In Depth

Armani Casa: at home with Giorgio Armani

The Italian designer on living well

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Giorgio Armani knows good houses. The Italian fashion designer’s property portfolio includes a refurbished Tuscan farmhouse in the seaside town of Forte dei Marmi, a villa complex on the Caribbean island of Antigua and a Manhattan apartment replete with panoramic Central Park views from a 3200 sq ft terrace. When wintering in Switzerland, Armani retreats to La Punt – a small Engadin Valley hamlet near Saint Moritz – and Chesa Orso Bianco (Polar Bear House), his 17th-century abode whose traditional façade contrasts with its refurbished interiors, which nod to Japanese aesthetics and are accented with polished mahogany beams.

“I’m convinced that your home is a reflection of yourself, of your personality”, says Armani. “It tells the story of who you are”.

Armani also knowns how to furnish houses. “My homes are continuously changing”, he says. “I like to embellish them with things I buy during my travels; I like to switch things up by rearranging the furniture. Each home is different, but they all reflect my story and my taste. My subdued meticulousness, my desire for simplicity and for warmth”.

In 2000, the designer’s knack at turning houses into homes saw his business branch into interiors: that year, the first dedicated Armani / Casa boutique opened on Milan’s central via Manzoni. Outlets in Paris, New York and Los Angeles swiftly followed; the network has since grown to 41 addresses across 29 countries. Selling Giorgio Armani mens- and womenswear alongside items for the home, the brand’s 2018 unveiled Sloane street London boutique extends the concept of the Gesamtkunstwerk across 10,000 sq ft of retail space. On a recent visit to the boutique, shoppers dressed in this spring’s mineral blue velvet jackets and signature grey suiting admired a display of colourful tableware and ergonomically shaped gold metal Move vases, before testing an upholstered chaise-longe for comfort.

“Getting dressed and decorating are somewhat similar activities, but with a crucial difference”, Armani declares. “Clothing changes by definition and getting dressed could mean expressing oneself in a new way every day. Home décor, on the other hand, remains the same for much longer”.

Following successful stints dressing the windows of Milanese department store La Rinascente, creating menswear in the design ateliers of Nino Cerruti and gigs as a freelance designer to a number of Italian fashion houses, Armani launched his eponymous business in 1975. His has been a career of many highs: Armani forged a well-documented relationship with Hollywood early on and his creations have been the subject of dedicated museum exhibitions, while his business expanded globally amounting to a $1.3 billion turnover in 2018. The appeal of Armani’s creations has weathered the changing fashions of several decades: casual yet elegant, Armani is known for his economy of line and use of noble materials. It’s a philosophy that he adapts to all aspects of his oeuvre. “My ambition is to have a signature that is coherent with my way of thinking and taste, one that is capable of evolving over time,” Armani says of his myriad creations, which range from tapered Armani / Casa candles (available in steel grey, pearlescent white and an orangey copper tone) to a pair of black leather lace-up boots.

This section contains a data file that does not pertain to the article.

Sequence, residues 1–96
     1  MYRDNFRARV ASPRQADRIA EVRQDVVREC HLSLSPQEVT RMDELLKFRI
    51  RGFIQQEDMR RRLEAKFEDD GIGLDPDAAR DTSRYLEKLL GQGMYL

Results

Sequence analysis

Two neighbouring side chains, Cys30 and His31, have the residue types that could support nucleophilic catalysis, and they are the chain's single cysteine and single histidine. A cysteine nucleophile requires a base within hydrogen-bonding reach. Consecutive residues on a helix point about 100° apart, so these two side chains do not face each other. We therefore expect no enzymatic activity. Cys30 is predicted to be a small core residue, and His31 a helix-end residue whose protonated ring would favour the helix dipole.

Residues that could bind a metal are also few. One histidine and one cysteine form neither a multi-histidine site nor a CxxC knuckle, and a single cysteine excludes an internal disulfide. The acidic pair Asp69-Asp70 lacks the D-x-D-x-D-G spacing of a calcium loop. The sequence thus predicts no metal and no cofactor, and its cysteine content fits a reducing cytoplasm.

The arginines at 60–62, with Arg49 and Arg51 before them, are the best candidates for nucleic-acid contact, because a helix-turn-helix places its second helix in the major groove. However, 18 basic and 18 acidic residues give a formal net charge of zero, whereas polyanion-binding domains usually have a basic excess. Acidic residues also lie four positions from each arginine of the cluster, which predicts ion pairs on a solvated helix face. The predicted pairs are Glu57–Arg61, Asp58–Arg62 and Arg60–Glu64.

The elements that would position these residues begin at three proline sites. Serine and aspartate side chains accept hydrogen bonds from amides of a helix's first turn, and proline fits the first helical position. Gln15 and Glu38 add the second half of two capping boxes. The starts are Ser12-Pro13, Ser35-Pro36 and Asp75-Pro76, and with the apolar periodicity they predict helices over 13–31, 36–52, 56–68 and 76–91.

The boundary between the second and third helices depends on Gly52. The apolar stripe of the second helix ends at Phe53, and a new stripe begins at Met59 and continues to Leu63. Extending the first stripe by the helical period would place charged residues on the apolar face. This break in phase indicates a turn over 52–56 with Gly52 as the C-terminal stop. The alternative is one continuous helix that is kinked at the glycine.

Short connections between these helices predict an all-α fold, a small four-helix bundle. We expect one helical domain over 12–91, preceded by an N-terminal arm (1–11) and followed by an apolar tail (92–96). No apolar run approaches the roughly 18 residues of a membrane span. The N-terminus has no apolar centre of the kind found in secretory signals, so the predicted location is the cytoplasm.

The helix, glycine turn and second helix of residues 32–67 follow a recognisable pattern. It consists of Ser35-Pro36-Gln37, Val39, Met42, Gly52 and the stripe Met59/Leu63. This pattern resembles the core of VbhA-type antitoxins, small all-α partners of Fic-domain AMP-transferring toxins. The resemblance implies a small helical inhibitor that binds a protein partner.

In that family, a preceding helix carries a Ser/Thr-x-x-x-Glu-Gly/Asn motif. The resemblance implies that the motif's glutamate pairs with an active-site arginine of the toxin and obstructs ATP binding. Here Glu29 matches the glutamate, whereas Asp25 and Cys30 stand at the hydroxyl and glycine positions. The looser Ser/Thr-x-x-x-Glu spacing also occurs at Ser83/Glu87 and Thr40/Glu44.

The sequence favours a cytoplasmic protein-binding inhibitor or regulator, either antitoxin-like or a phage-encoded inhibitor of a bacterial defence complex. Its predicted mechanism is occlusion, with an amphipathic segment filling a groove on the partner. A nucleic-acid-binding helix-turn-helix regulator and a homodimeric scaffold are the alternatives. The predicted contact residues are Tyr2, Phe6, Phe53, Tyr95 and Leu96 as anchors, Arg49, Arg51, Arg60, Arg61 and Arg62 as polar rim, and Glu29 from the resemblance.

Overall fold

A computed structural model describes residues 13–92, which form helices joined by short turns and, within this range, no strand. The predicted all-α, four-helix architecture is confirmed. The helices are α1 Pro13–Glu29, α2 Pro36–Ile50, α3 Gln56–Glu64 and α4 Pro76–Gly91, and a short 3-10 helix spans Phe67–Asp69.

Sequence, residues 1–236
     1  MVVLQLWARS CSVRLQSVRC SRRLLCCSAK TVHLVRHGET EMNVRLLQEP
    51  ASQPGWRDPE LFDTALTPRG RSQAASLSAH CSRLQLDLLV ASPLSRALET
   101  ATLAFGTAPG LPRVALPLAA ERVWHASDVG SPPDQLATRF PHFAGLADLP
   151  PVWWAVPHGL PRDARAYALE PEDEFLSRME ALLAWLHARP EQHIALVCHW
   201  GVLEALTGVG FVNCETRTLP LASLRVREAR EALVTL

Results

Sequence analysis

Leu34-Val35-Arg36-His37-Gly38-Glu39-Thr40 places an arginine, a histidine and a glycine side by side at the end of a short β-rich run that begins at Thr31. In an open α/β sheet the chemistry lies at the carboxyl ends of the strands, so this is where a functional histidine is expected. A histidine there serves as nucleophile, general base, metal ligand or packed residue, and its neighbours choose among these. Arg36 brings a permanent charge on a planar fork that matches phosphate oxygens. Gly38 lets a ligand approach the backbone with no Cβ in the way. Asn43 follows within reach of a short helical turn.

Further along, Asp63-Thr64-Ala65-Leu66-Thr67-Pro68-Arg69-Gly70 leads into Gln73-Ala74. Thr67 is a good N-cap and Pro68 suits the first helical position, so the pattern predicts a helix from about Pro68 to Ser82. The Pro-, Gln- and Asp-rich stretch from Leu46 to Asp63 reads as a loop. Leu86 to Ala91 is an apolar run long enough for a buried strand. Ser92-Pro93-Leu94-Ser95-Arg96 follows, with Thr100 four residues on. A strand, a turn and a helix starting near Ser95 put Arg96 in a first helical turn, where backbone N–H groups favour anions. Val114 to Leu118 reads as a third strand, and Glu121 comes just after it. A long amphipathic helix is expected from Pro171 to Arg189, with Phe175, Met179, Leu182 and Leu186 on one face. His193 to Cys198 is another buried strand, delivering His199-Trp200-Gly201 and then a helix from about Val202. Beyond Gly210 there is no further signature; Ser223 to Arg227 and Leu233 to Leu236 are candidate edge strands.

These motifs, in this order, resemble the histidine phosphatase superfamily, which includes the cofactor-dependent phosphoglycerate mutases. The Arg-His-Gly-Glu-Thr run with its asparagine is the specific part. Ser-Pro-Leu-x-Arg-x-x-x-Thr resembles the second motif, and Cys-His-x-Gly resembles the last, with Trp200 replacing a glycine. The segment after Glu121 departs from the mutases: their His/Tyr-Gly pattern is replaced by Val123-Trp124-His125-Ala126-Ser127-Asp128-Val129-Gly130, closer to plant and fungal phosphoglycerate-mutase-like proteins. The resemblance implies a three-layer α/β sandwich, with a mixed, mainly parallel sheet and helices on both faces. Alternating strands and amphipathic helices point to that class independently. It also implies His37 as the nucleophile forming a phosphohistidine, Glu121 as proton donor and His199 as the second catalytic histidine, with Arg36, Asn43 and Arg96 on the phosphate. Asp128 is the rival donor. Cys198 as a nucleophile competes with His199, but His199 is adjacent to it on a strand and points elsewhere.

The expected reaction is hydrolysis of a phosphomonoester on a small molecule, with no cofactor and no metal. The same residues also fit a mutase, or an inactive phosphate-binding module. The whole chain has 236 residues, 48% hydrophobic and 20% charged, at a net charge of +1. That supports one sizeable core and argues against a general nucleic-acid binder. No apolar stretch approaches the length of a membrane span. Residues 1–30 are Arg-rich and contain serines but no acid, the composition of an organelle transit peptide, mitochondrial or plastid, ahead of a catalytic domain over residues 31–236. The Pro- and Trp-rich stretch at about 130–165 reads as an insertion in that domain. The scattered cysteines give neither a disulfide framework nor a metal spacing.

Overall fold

“It’s a piece I’m very attached to, as it represents my first foray into a world I’ve always found fascinating,” Armani tells me when I ask about his Logo lamp. Created in 1982 – coincidently, the design is the same vintage as Armani’s Time magazine cover – first models of the table lamp with conical shade were installed at the brand’s Milanese offices on via Durini. The Logo lamp marked Armani’s homeware debut. “With its pure, geometric shape it embodies the key elements of my design philosophy.”

This spring, the brand readies itself to celebrate the 20th anniversary of its homeware division; since its 2000 launch, Armani / Casa has grown to touch all facets of interior decorating. There are Armani kitchens and bathrooms – respectively finished in partnerships with experts Molteni Kitchens and Roca – and complete sets of tableware, from cutlery to (leaf-shaped) centre piece.

Since 2009, home textiles are produced in a collaboration with heritage concern Rubeli; the Venetian textile company has been an authority in its field since it was established in 1858 and has counted the Italian royal family and creative force Gio Ponti among its patrons. Rubelli’s creations for Armani / Casa include Odaware, a jacquard fabric woven to depict a serene Japanese landscape in addition to the silk and wool Bax rug, which features an Art Deco influenced geometric pattern. To Armani, both the Far East and the Art Deco have proven of continued inspiration. A named influence is French furniture designer and decorator Emile-Jacques Ruhlmann, whose genre-defining work featured in the 1925 International Exhibition of Modern Decorative and Industrial Arts in Paris.

“Interior design has and always will fascinate me, in all of its forms,” Armani enthuses. “I love conjuring up small private worlds, driven by the desire to create the best atmosphere for the place I’m in or the moment I’m experiencing. I’ve always attached foremost importance to the home: it’s an extension of our being and of our feelings.”

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